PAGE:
On his seventh album, Montpelier’s country music/honky-tonk singer/songwriter gives us 10 new songs on “This Dream I’m In.” Essentially, there are two album styles here on this 36-minute CD, the insightful social commentarian who writes about rural poverty, as in “Duct Tape County,” veteran issues in “Homeless,” and changing social mores in “Mary Jane’s Waltz.” The other seven tracks explore typical country themes of love and leaving as in “Lonely Boy,” “Leavin’ Again,” “Lady Sings the Blues,” “When You Don’t Want Me,” “True North” and the title track, “This Dream I’m In.”
LeGrand’s best songs, lyrically speaking, are the ones that deal with social commentary.
LeGrand’s previous release was the EP “Wrong Turn,” which was produced by Colin McCaffrey and featured five gritty, cinéma-vérité songs including “Everytime I’m Getting Over You,” about drug and alcohol use; “The Cops Took My Sweetheart Last Night; ”Four Walls, a Door and a Window,” about a woman trying to get help for her addiction; and “I Don’t Sing in Bar Rooms Anymore,” about the changing entertainment business in Vermont.
I mention these previous songs because on this new CD LeGrand has changed producers, using Eric Sigsby instead of McCaffrey, and as a result we hear a very different approach to LeGrand’s music. Where McCaffrey was uptempo and raw, Sigsby is more ballad, with long instrumental passages between verses.
The choice of Ray Paczkowski on piano and organ and Jason Jack Merrihew on guitar are inspired. They are both lyrical players, and Paczkowski especially fills lots of aural space with his lovely piano balladeer style while showing some Texas Swing styling, as on “Lonely Boy.” Merrihew also shines in a variety of guitar styles. Russ Lawton sets the underpinning with his thoughtful drumming. LeGrand sings and plays bass. Interestingly, the bass is mixed low and is sometimes nearly inaudible.
Because the musicianship, especially the piano work, is so good, the album seems to breathe more than on LeGrand’s previous work. The lyrically weaker songs shine because the musicians’ lead parts are interesting.
LeGrand’s vocal delivery is smooth, slow, careful and mostly spoken. He’s not a belter or crooner, but he gets his message across because his voice carries sincerity. After all, these are his songs.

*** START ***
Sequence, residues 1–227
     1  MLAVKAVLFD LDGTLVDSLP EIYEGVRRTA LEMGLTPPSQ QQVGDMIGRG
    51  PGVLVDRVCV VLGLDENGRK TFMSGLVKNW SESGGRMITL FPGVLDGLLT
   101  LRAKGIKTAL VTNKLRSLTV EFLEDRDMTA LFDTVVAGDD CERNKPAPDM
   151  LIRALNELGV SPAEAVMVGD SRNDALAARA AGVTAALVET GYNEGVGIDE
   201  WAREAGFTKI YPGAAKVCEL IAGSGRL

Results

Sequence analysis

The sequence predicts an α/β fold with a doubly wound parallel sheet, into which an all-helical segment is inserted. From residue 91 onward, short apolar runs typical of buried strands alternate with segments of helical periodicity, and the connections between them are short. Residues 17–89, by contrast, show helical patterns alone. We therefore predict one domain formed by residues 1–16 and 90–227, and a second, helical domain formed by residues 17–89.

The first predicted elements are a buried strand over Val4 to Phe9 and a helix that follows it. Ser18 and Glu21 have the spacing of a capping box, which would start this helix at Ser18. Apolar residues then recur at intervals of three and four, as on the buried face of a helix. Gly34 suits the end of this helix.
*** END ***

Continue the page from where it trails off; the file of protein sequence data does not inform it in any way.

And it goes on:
The best songs are those with social insight in the lyrics. “Duct Tape County,” is a hard-driving country rocker that reminds us, “Don’t drink the water in Duct Tape County.”
(I’ve been getting too close to) “Somebody Else’s Crazy” is a bluesy “swamp rock” number with a catchy title about living with someone who is dysfunctional in a rural setting.
“Homeless,” about an Afghanistan war veterans reminded me of John Prine’s “Sam Stone,” about a Vietnam veteran. “Homeless” could have been taken from a newspaper article or nighttime TV news story. It’s all too truthful and poignant. It’s a piano-driven slow ballad.
The song that might get the most airplay is “Mary Jane’s Waltz,” which is sung to a solo piano accompaniment. It’s about the marijuana culture (Mary Jane is a pot reference) and the waltz time is clever. He sings, “Yes we smoked pot a lot, you won’t believe how much we got, I tried to tell you but then I forgot.” As a consequence of the changing view of marijuana and its commercial potential LeGrand sings, “Now it might just save the farm.” With a tongue-in-cheek stab as the anti-drug establishment, he concludes with “We might be high, like it or not, yes we smoke pot a lot.”
Mark LeGrand is a local talent to take note of. He’s a keen observer of social issues, and on those songs he shines. Songs about love and relationship are less strong, but the musicianship here is so good that the songs get a lift.
There is an album release party for Mark LeGrand’s “This Dream I’m In” from 7-10 p.m. Friday. Nov. 8, at Sugarhouse Sounds Studio, 441 Mad River Park, Waitsfield. Which has a full indoor live stage. LeGrand performs with Sarah Munro, Jason Jack Merrihew, Phil Carr, Russ Lawton and Ray Paczkowski. There will be food, beer and wine available. Tickets are currently available on SevenDays Tickets for $21, which includes a copy of Mark’s album and food. Beer and wine will be available for purchase.